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Restoring the Theology of Deification in the Contemporary Coptic Orthodox Church!

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In his book New Heresies (2007), the 117th Coptic Pope of Alexandria, Shenouda the third (1923-2012), assailed the concept of deification (or theosis) considering it a new heresy which invaded the monastic community in Egypt during the second half of the 20th century. The former Pope wrote that deification was the first sin of the fallen angel.[1] He claimed that no one among the early fathers wrote or taught about this concept.[2] Pope Shenouda encouraged the monks who teach about deification to repent and to leave this unauthentic teaching.[3] Although Pope Shenouda was a respectful teacher and a strong apologist, there is no doubt that his thoughts on deification, compared to the patristic literature, were not accurate at all. Any proper study of the patristic thought refutes Pope Shenouda’s argument and proves the authenticity of the idea of deification in the patristic thought.

Among many early writers, for instance, Athanasius, the 20th Pope of Alexandria (c. 297-373), wrote about the idea of deification much more frequently than anyone of his predecessors.[4] His statement, “for He was made man that we might be made God; and He manifested Himself by a body that we might receive the idea of the unseen Father,”[5] is considered the chief patristic reference to deification. According to Norman Russell, Athanasius understands deification on two different levels, ontological and ethical.[6] Those who experience deification are “those who on the ontological level have been united to the Logos by the grace of adoption, while on the moral level they have become like God through imitation and progress in virtue.”[7] It could be noted that Athanasius focused on the ontological level of deification (the participation in the deified humanity of the Logos) in his anti-Arian writings, as well as On the Incarnation of the Word, while in the Life of Anthony, he indicated the ethical level (diligence and imitation of Christ).

St. Anthony Monastery - Red Sea - Egypt

In the Life of Anthony, Athanasius shows how his contemporary, Anthony the Great (c. 251-356), attained this experience of deification through diligence and progress in virtue during his monastic life. Spiritual warfare appears as an essential component within Anthony’s monastic journey. Dale Coulter highlighted that Anthony’s body was the locus of the demonic attacks and temptations (lusts and assaults), as shown in the Life of Anthony.[8] In this context, it could be noted that the evil spirits were trying to hinder Anthony, by using (or attacking) his body, from attaining his endeavor towards deification, which is seen in Athanasius’ thought as participation in the deified humanbody of the Logos. Many scholars assert that Spiritual warfare could never be correctly understood in the monastic tradition except in the context of deification and restoration of the first image. Spiritual warfare is basically to hinder the believer from attaining the goal of the Christian life, which is deification, according to the Eastern tradition. According to Athanasius, Anthony the Great defeated the evil spirits, became “passionless,” and reached a state of “dispassionate tranquility” (apatheia), which is “the flower of the ascetic life.”[9] The Synergy between grace and diligence is noticeable in Athanasius’ writings.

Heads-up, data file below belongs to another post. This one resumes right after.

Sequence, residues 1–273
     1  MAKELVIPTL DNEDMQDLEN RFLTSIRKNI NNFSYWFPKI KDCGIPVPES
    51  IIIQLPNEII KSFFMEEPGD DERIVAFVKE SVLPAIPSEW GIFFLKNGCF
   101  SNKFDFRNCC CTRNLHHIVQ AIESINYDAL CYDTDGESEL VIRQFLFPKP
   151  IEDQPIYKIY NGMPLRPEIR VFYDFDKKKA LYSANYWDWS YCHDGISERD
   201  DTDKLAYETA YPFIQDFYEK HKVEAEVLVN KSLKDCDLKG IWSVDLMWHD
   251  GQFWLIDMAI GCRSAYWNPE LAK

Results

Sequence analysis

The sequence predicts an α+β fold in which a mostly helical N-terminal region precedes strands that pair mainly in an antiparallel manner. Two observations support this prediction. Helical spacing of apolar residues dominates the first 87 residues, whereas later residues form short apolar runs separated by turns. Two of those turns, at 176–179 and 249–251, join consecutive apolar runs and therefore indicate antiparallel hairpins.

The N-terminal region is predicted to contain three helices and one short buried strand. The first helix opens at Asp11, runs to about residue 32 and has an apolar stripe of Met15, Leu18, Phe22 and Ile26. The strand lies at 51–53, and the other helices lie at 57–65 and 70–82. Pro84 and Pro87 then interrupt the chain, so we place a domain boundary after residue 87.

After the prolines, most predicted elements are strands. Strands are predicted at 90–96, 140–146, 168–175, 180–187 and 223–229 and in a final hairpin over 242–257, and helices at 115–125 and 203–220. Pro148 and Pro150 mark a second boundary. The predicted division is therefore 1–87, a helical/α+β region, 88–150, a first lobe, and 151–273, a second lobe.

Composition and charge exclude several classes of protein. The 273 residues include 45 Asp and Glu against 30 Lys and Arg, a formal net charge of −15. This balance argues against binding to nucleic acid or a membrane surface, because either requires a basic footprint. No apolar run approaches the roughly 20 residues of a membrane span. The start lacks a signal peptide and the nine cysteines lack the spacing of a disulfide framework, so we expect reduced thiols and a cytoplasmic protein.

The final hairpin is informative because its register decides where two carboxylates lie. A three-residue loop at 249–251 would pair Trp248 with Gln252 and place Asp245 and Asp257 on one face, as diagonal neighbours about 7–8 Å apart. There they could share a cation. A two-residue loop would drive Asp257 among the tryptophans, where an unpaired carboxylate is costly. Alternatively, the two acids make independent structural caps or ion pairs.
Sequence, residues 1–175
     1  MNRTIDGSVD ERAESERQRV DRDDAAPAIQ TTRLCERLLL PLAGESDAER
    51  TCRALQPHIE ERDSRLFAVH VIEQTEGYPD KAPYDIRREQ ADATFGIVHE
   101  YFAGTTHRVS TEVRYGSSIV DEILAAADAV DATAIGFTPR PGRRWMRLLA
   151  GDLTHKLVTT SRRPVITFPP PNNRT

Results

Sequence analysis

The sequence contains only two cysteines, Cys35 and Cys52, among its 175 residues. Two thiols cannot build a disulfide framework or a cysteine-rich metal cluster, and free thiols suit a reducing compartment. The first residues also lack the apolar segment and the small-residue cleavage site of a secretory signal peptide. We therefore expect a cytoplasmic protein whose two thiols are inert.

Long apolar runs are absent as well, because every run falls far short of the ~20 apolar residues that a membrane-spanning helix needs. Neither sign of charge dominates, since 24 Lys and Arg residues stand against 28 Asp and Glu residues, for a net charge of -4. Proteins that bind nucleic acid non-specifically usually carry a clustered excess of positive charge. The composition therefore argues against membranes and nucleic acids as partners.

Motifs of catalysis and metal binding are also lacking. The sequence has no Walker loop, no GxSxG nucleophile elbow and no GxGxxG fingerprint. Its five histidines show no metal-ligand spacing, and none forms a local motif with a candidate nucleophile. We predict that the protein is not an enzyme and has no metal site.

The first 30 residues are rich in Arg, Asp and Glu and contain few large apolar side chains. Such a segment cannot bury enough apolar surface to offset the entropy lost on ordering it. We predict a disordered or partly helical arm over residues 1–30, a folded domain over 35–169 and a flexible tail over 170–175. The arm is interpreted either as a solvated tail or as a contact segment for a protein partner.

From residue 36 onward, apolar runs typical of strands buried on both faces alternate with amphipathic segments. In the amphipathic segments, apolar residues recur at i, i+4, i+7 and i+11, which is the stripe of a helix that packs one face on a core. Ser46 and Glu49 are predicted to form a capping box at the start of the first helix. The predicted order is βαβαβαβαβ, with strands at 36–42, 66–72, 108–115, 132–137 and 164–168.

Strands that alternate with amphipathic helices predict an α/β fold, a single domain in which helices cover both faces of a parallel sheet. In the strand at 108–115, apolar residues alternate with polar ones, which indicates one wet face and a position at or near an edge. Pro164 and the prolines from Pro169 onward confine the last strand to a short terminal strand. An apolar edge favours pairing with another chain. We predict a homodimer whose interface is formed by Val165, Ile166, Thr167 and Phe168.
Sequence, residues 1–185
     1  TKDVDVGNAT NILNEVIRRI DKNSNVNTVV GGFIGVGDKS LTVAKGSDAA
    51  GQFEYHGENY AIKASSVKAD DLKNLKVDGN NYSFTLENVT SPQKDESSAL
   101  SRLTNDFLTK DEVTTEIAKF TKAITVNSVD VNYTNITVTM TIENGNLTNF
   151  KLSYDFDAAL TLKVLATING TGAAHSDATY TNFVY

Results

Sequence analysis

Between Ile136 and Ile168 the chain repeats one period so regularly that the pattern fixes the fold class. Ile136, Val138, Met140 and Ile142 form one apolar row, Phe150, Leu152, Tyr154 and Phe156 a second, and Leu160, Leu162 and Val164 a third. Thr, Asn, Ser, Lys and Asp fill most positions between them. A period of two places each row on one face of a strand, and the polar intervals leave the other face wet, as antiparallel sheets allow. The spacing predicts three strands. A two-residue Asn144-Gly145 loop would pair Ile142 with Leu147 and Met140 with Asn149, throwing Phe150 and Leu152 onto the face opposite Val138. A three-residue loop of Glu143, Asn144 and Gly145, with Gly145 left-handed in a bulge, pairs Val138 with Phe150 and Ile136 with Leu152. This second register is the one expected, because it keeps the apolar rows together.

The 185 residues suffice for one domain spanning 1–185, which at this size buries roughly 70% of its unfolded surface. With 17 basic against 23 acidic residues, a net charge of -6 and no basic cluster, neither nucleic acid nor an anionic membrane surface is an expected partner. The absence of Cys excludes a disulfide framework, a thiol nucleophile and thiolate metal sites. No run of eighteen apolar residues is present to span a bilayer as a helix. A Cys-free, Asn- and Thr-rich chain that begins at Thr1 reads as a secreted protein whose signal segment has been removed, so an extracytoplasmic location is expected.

Abba Anthony the Great

Back to the Egyptian context, the contemporary Pope of Alexandria, Tawadros the Second, has permitted the re-publishing of these writings on deification that were forbidden by Pope Shenouda, a step that could indicate a restoration of this authentic belief that was attacked for decades by the clergy in the Coptic Church.


  • [1] Pope Shenouda, New Heresies (Cairo: Anba Rues Press, 2007), 144.
  • [2] Ibid, 145 – 146.
  • [3] Ibid, 174, 215, and 224.
  • [4] Norman Russell, The Doctrine of Deification in the Greek Patristic Tradition (Oxford, New York: Oxford University Press, 2006), 167.
  • [5] St. Athanasius, On the Incarnation of the Word, paragraph 54, in The Nicene and Post-Nicene Fathers of Christian church, Vol. 4, second series, edited by Philip Schaff and Henry Wace (Grand Rapids, Mich.: Wm. B. Eerdmans Publishing Company, 1978), 65.
  • [6] Dale M. Coulter, “Monasticism and Salvation,” YouTube, Online video, https://www.youtube.com/watch?v=sg7FBOAMF-k&feature=youtu.be (accessed 17, 20 July 2015).
  • [7] Russell, 180.
  • [8] Monasticism: Athanasius, Life of Anthony, in “Monasticism, Donatism, and the Spread of Christianity,” Dale M. Coulter, ed. (Virginia Beach, VA.: Regent University, 2015), unpublished material.
  • [9] William Harmless, Desert Christianity: An Introduction to the Literature of Early Monasticism (Oxford: Oxford University Press, 2004), 348.

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عن المؤلف

د. ثروت ماهر
د. ثروت ماهر
Dr. Tharwat Maher is a servant of the Lord who has devoted himself to the Lord's service: to preaching, teaching, writing, and theological research. Dr. Tharwat holds a Bachelor's degree in Mechanical Engineering, a Bachelor's, Master's, and a Ph.D. in Theology and History, and preaches and teaches in many different Churches of various denominations. In 2016, Dr. Tharwat established Heaven Upon Earth Ministry with his wife Jackleen Adel.